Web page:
Life in Colour: Seaside Blues

Jude’s July challenge on her blog Travel Words: Life in Colour is the color blue. This week she challenges us to post seaside blues.

Caesarea Maritima, Israel
The blue Mediterranean Sea at the site of the ancient Roman city of Caesarea Maritima, Israel

Two views of our cruise ship at the first stop of our Panama Canal cruise, at Half Moon Cay, Bahamas.

So many different blues in this shot! The blue sky, the different hues of the Caribbean between the beach and the ship
True blue Caribbean Sea!

Three scenes from our cruise ship to Alaska: leaving Vancouver (click on photo to see it larger).

Life in Colour: Blues

Jude’s Travel Words blog’s topic for Life in Colour this month is the color blue. Jude challenges us to find “unusual” blues! OK, I’ll do my best…

Sky reflected in a car’s headlights
Glass art decoration at The Moorings
Selfie after modification by SnapSeed
Steps up to an Immersive Van Gogh presentation
Viola
Siberian bugloss
Dandelion after modification with SnapSeed
Aquarium at Brookfield Zoo
Chagall Windows at Chicago Art Institute

Several shades of blue in this shot of a church in Budapest
Blue door, blue bag in Budapest
Graffiti in Germany
Modern building in the outskirts of Amsterdam
Eiffel Tower at dusk

Tree Squares: More Trees in Tanzania

For Becky’s July #TreeSquares challenge, I continue featuring trees in Tanzania, with things hanging from their branches.

I don’t know, or don’t remember (if I was told at the time) the name of this tree, but was fascinated by the strange pods or fruits hanging from it.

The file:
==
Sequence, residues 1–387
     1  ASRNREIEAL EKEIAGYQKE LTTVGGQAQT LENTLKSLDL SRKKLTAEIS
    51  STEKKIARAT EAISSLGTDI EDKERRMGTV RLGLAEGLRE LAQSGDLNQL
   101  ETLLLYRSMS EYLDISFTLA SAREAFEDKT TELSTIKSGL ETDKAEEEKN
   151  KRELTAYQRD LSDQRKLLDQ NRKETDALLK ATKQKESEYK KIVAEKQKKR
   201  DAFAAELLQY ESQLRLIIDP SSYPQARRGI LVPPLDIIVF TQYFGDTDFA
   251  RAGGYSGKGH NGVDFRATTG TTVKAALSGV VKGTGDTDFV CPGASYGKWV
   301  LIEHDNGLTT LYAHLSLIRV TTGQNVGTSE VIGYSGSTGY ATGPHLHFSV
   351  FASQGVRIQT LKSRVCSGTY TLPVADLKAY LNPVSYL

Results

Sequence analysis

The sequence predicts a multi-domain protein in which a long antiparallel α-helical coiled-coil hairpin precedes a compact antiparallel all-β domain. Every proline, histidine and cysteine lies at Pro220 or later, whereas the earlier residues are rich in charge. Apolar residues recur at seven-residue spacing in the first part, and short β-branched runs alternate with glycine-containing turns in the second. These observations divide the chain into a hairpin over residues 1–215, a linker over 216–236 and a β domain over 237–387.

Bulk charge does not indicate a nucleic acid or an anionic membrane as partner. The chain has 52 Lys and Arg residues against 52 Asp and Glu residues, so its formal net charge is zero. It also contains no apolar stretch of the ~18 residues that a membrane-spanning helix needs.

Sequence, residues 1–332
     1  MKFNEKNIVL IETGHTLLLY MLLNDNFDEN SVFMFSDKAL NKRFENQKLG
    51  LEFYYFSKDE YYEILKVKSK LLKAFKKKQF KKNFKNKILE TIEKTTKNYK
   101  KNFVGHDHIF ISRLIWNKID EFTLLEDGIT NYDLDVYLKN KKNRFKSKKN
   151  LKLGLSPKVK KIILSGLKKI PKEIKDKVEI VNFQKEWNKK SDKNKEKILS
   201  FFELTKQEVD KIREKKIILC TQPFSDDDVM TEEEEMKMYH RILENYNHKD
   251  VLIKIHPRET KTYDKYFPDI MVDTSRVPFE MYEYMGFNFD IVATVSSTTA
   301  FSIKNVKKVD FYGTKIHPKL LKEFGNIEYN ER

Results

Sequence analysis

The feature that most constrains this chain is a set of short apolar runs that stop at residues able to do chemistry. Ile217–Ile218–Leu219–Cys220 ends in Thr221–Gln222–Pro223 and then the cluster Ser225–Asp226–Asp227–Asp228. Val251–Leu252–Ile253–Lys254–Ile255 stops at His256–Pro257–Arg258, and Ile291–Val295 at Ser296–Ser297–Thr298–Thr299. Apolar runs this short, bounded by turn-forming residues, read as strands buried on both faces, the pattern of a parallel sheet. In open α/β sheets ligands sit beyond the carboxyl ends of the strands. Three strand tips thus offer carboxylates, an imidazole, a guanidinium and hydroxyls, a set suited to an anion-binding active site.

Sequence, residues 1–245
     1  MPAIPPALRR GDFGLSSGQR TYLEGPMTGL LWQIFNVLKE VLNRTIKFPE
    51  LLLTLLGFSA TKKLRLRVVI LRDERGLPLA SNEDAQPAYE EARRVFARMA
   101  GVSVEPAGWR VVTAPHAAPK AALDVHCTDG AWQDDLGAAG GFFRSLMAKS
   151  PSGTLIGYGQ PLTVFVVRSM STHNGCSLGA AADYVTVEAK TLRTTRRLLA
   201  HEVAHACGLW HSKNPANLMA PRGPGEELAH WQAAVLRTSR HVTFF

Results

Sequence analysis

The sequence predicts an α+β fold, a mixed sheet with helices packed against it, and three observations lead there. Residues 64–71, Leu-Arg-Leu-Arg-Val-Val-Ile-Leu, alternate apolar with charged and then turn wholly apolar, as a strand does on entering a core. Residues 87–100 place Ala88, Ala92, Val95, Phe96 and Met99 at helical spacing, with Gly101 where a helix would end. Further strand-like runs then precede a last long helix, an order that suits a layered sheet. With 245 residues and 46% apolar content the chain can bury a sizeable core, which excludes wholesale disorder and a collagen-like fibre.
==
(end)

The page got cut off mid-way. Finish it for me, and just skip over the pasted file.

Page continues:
On the other hand, we saw many acacia trees with these tightly woven birds’ nests hanging from them.

These nests are made by the male weaver. He attracts a mate by having woven the best nest in the neighborhood!

When the weavers’ nests are abandoned, they hang bedraggled from the tree.

Tree Square: Trees For Sale

These “hanging” trees were for sale in a Curitiba mall. Christmas trees, perhaps? I took this photo in mid-November; in Brazil, Christmas is celebrated in the summer, so some of its wintery themes that are copied by Brazilians are rather incongruous, but these little pines will surely thrive in Curitiba’s climate.

Hanging trees – these trees are for sale and ready to plant with their root systems intact.

Head over to Becky’s July #Tree Square challenge and see more trees!

July 9 SquareTree: The Araucaria

A quote that another blogger posted about trees prompted me to create this post as my contribution to the 9th day of Becky’s July Squares, with the topic of trees.

The author of this quote, Jaime Lerner, is a Brazilian who in the early 1970s was the mayor of the city of Curitiba, the capital of Paraná, a state in southern Brazil. Anyone who has been to Curitiba will recognize how appropriate this quote is for his city and his impact as urban planner and mayor. Between my first visit in 1971 and my last, five years ago, the city has not only grown to over 1 million inhabitants but also contains a number of beautiful parks, including several dedicated to ethnic groups in the city, a pedestrian area in downtown, and a comprehensive system of rapid transit buses (BRT), among many other innovations which began during Jaime Lerner’s tenure as mayor.